A voice from a distance

By Allen Fazio, Chief Information Officer, Houlihan Lokey

For over a decade, I was the voice from a distance. I was the sole person in a remote office teleconferencing into meetings with my peers. While they had the advantage of interacting face to face and keeping a real-time collaborative focus, everything was about discerning the context for me. Being a voice from a distance, identifying communication nuances such as body language, facial expressions, voice inflection, and knowing the appropriate time to engage over a web conference posed an ongoing challenge. It created a sense of disconnect and a feeling that common ground had diminished.

It wasn’t until the onset of COVID-19 that the playing field leveled and the common ground turned completely virtual for everyone. As a result, organizations across the globe were forced to implement creative digital solutions for business operations to function remotely. Due to this digital transformation, employers and employees were confronted with my communication complexities. Yet, even after two years of working in a remote environment, many organizations still find their virtual communication efforts ineffective. Moreover, as various companies are now sustaining a hybrid work approach with staff more geographically disbursed – instilling a set of virtual communication protocols is vital to stay ahead of this digital shift.

Since digitizing operations impacts every facet of a business, organizations don’t have ample time to develop new communication strategies; they need it now. Therefore, to successfully balance participation in a virtual meeting, defining a set of communication rules to promote inclusion and engagement is necessary. During my years of working remotely, even before the pandemic – I have found that employee engagement can be much more effective by implementing the following basic communication protocols:

Appoint a Remote Advocate

A remote advocate should be appointed who can help instill an environment of trust. They would be responsible for encouraging input from all team members while being especially cognizant of the remote staff. The meeting leader must ensure that all perspectives are valued so that overall team engagement persists.

Rotation of Input

To prevent meeting discussions from devolving into “in-room” only conversations, the remote advocate should pose questions and then call for a rotation of input from on-prem and remote staff. This will create a more collaborative setting for all meeting participants. In addition, to ensure that remote staff stays engaged, the conclusion of each question should end with the phrase, “would the remote team like to respond first”? This will prevent a perceived power imbalance among the team and keep the group dynamic positive and productive. 

International Team

For team members residing in different countries, it is essential to consider cultural implications and give them more time to respond. This will allow international team members to take in the information being covered more effectively, ask follow-up questions, and formulate meaningful responses, especially if the translation is required.   Be aware of those individuals whose English is not their first language, as they often need more time to formulate their responses.  This may only take an extra second which can be noted when they are in person through non-verbal cues, but can get lost when on video.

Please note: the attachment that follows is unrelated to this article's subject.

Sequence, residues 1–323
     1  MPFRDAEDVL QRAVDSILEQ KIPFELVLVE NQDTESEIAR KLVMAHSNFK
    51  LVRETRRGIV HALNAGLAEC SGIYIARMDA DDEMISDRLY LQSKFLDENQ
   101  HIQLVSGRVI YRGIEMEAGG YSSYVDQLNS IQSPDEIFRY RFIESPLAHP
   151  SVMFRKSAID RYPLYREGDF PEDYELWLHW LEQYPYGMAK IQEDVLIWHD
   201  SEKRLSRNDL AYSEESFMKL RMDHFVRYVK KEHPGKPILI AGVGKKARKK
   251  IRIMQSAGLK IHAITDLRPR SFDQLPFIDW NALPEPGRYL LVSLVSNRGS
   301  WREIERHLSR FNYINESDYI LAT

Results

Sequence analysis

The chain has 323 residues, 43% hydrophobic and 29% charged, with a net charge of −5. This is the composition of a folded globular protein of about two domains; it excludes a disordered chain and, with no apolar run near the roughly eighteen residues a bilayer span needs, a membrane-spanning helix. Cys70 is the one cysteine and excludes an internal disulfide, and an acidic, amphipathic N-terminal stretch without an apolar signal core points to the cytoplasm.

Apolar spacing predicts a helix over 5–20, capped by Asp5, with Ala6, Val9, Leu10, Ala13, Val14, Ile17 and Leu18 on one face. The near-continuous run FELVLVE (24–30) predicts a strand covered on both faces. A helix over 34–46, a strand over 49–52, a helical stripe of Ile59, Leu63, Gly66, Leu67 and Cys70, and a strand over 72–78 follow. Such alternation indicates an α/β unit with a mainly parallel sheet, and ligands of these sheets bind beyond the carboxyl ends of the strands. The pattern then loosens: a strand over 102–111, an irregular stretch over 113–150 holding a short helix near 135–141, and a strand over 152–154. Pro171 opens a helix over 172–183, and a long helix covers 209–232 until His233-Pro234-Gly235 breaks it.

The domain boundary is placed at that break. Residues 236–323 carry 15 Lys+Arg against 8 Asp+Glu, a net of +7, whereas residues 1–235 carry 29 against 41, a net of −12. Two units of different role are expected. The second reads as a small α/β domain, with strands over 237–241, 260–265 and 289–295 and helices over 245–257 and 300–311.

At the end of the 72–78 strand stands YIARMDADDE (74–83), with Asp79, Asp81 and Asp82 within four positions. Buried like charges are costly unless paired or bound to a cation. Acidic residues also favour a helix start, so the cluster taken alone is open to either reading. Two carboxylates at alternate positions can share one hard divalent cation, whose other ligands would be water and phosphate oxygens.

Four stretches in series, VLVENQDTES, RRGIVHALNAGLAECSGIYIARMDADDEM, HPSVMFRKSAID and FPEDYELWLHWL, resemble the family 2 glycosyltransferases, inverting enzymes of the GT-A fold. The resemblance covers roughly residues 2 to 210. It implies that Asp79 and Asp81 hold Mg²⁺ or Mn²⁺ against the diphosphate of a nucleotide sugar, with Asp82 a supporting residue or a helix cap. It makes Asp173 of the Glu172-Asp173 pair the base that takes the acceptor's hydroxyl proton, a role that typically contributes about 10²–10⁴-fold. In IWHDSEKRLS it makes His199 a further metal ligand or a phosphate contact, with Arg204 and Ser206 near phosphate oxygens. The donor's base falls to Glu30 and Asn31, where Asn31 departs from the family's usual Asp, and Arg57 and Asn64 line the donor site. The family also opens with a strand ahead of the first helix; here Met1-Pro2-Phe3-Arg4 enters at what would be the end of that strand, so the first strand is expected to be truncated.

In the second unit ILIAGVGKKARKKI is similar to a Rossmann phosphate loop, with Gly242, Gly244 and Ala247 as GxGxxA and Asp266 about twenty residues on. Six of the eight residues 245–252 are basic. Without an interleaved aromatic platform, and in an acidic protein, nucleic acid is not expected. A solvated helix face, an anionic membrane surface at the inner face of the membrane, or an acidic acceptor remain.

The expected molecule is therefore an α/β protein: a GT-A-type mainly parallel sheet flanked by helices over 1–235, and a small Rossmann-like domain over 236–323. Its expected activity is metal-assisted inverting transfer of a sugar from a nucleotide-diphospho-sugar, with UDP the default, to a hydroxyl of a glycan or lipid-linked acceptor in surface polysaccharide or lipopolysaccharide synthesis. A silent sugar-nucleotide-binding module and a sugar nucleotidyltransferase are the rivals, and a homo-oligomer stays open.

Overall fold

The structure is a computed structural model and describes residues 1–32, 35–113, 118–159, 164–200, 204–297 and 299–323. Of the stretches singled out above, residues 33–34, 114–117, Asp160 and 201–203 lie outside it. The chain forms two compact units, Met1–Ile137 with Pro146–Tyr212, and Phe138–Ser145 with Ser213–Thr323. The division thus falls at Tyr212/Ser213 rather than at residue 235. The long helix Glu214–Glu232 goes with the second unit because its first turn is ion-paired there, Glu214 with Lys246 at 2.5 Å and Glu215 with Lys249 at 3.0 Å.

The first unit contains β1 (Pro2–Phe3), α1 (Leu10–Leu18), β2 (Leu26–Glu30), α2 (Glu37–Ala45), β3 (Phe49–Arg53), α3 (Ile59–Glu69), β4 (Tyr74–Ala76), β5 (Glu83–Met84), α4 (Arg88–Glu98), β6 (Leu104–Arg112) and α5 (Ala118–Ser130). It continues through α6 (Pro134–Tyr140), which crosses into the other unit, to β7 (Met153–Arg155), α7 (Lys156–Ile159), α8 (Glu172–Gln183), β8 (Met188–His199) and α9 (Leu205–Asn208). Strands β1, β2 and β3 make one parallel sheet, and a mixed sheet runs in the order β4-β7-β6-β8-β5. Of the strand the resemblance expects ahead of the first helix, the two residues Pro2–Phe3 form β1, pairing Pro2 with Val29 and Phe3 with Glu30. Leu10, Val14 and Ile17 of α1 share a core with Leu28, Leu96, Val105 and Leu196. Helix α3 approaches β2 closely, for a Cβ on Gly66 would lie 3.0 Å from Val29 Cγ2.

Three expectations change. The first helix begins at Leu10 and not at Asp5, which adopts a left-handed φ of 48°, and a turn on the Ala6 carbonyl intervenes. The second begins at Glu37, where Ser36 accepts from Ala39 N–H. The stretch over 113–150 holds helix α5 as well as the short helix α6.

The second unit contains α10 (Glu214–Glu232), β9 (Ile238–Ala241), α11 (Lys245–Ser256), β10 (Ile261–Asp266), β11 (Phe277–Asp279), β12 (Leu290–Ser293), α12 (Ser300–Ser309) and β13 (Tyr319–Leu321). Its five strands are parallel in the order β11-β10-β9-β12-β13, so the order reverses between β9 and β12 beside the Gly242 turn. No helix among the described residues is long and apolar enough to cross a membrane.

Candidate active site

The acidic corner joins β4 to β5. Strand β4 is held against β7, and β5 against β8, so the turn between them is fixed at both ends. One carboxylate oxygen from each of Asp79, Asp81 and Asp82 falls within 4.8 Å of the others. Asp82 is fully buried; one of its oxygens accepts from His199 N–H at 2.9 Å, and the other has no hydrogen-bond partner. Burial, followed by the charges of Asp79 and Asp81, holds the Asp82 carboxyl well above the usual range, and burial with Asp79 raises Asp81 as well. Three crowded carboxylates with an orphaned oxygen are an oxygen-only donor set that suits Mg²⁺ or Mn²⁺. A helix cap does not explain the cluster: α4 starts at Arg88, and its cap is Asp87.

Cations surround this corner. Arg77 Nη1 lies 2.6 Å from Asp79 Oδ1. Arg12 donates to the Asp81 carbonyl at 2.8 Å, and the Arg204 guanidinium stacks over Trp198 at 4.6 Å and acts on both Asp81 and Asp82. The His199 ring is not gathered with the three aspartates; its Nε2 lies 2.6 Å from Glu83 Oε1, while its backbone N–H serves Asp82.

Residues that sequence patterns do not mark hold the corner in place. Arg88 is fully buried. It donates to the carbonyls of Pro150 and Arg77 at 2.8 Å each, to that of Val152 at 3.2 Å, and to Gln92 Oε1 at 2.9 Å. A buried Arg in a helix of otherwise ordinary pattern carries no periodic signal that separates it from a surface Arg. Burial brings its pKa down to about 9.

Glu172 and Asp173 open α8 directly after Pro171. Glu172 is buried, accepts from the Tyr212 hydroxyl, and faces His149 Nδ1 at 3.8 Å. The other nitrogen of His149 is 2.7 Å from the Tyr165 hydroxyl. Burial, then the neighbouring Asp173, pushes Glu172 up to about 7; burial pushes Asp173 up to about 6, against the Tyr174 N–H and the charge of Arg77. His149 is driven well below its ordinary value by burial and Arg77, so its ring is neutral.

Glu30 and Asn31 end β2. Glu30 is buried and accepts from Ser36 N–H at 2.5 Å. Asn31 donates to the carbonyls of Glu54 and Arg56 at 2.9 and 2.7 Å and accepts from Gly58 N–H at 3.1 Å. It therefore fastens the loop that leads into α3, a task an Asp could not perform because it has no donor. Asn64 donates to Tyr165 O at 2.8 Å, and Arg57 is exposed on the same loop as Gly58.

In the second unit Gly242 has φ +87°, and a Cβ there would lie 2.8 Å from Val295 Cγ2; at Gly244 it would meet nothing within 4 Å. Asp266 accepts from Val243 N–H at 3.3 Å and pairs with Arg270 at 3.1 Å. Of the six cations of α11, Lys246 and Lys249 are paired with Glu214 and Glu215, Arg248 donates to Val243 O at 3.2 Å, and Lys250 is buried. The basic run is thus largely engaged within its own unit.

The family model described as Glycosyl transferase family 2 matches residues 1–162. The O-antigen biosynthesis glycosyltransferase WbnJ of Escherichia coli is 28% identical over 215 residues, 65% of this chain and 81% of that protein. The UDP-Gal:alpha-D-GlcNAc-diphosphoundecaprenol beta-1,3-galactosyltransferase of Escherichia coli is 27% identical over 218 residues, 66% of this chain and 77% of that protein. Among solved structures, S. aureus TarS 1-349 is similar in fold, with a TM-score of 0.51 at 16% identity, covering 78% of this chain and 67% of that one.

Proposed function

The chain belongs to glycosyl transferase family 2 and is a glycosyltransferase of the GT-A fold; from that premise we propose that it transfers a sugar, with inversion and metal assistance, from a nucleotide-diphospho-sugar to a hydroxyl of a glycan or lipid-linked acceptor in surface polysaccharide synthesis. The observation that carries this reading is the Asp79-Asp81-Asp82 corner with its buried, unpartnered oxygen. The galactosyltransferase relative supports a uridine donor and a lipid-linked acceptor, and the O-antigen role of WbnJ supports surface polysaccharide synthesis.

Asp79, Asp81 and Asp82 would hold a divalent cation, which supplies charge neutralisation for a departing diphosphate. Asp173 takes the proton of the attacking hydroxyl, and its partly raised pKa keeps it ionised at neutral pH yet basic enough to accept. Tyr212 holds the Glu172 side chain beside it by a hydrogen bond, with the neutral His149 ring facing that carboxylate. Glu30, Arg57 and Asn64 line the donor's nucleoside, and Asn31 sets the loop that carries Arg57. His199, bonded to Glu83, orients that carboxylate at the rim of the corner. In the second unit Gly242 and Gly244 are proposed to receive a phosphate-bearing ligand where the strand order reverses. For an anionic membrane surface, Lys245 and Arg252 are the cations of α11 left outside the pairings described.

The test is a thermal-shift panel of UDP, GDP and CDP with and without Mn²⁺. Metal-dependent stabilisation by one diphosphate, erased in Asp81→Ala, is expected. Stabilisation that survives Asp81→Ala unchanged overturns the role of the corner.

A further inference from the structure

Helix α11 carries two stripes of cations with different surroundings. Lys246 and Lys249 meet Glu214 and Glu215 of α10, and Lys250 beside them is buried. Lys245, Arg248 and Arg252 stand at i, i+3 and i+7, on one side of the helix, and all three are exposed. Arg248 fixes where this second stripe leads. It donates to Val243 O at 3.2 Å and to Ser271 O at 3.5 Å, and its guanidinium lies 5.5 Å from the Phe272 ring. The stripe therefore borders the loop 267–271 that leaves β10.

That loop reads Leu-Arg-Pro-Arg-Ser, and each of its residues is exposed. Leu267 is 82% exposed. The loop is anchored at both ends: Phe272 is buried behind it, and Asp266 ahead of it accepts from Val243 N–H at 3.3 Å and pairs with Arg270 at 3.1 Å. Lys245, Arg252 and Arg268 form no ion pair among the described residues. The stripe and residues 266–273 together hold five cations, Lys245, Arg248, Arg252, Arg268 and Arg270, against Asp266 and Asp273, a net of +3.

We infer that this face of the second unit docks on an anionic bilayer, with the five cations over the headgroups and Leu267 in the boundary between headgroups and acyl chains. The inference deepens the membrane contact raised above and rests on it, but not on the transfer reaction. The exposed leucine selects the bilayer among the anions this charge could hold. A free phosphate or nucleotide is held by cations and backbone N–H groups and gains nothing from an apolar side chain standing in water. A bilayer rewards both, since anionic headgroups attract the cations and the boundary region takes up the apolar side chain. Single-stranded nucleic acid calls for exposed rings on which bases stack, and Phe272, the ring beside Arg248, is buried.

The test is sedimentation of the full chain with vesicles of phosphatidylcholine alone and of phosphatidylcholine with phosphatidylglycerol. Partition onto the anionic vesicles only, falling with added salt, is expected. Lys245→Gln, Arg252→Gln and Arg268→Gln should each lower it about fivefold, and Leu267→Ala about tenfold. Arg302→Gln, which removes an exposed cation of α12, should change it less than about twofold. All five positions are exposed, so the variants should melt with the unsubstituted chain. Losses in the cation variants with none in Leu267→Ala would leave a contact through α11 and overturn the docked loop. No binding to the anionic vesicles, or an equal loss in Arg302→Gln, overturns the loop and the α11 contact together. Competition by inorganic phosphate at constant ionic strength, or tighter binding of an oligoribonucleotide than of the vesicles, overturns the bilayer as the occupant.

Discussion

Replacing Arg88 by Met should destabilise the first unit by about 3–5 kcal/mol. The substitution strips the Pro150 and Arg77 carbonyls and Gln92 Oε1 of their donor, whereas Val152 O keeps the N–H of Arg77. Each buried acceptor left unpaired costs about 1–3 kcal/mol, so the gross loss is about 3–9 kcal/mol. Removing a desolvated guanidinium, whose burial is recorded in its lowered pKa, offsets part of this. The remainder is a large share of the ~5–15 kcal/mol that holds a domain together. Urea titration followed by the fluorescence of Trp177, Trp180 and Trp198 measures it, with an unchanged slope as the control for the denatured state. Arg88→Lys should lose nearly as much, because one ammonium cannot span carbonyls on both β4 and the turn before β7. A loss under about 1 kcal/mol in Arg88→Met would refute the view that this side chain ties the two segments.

Meeting conclusion – Time with the Leader

The few minutes that follow the conclusion of a meeting are invaluable. It is during this time that In-room attendees often vie for a quick conversation with the leader.  This is true for remote staff, but it is up to the leader to level the playing field.  Too often, the video is turned off at the end of the meeting, eliminating the ability to have a semi-private “hallway conversation”.  Leaders should make themselves accessible at the end of a meeting by permitting on-site staff to depart in order to allow the remote team to spend time with their leader. This allows remote participants to share insights on current topics or give brief updates on anything not covered during the meeting. These are compelling interactions that help to bolster the engagement of remote staff.


Don’t forget about the camera.  Too many meetings have the in-person room trying to keep everyone in the picture.  This makes the leader the smallest furthers person on screen, yet they are often the ones speaking the most.  Try moving to the front of the room so that you have to look over one shoulder to speak with everyone in the room, and the other to speak to the camera and with everyone remotely.  I must admit, this takes some getting used to. At a minimum, zoom the camera onto the leader during agenda items that the leader is the primary speaker.  You can move the camera if needed, but when you are remote, it is easier not to see everyone if it means you can actually see the facial expressions of the primary speaker.

It takes discipline

Although there are many lessons that can be learned during the communication process, implementing the right communication model is crucial in order to cultivate effective relationships. By developing and clearly defining a set of rules, it helps to improve emotional intelligence, motivation, and confidence on an individual and organizational level. Virtual meetings are now a part of today’s modern business. Therefore, it is up to organizations everywhere to put a strategy in place to achieve successful communication outcomes.